4) Haymarket. The Palmer Raids. Pinkertons. American Legion. Red Squads and Special Investigations Bureau’s committed to undermining radicals throughout every major city in the United States. The KKK’s mass entry into policing. Florida’s Johns Committee. Detroit’s Black Legion. New York’s Bureau of Special Services. Los Angeles’ Public Disorder Intelligence Division. Philadelphia’s Civil Defense Squad. Memphis’ Defense Intelligence Unit. McCarthyism. The FBI’s COINTELPRO. House Un-American Activities Committee. House Internal Security Committee. Senate Judiciary Committee Subcommittee on Internal Security. The corporate, extra-legal origins of the Law Enforcement Intelligence Unit.The Tenney Committee. The assassination of the Black Panthers. The fracturing of the Students for a Democratic Society. The attempt to blackmail Martin Luther King, Jr. The monitoring of anti-war groups.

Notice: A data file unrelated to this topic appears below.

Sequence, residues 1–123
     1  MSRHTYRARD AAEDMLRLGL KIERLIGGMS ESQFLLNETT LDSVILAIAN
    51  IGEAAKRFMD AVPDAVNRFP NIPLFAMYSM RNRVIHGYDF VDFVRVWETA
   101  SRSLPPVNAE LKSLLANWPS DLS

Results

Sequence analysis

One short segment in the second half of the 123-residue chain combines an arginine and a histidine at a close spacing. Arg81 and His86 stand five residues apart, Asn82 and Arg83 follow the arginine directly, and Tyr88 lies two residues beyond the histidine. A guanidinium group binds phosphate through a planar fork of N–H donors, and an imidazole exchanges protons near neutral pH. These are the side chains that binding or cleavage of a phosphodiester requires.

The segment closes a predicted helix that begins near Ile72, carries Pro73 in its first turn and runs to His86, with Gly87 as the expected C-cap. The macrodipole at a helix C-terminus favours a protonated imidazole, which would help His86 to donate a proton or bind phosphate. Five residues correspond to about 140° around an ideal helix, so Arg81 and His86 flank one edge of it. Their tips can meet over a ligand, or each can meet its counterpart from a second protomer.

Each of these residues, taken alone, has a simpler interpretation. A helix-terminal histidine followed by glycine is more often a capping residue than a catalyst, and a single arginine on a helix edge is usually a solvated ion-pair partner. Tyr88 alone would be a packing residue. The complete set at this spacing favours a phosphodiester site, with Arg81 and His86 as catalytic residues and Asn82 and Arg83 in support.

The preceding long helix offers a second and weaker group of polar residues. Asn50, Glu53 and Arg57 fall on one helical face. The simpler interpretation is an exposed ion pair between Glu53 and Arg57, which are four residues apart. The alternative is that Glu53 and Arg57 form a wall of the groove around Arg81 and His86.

These are important instances of American history to know when considering the binary the Kibbe is setting up with Socialism as Evil and Capitalism as Good. They are important as it they are all examples of times when the U.S. government spied on citizens, beat up activists, prevented mail that’s considered politically unsavory to those in power from being sent, assassinating activists, and all around having their lives interfered with by the U.S. state. This list isn’t even a comprehensive one of all of the examples of the massive state intervention in the political lives of Americans. So let’s not buy into this dichotomy of Socialism bad cause you can’t express yourself, cause it ain’t true.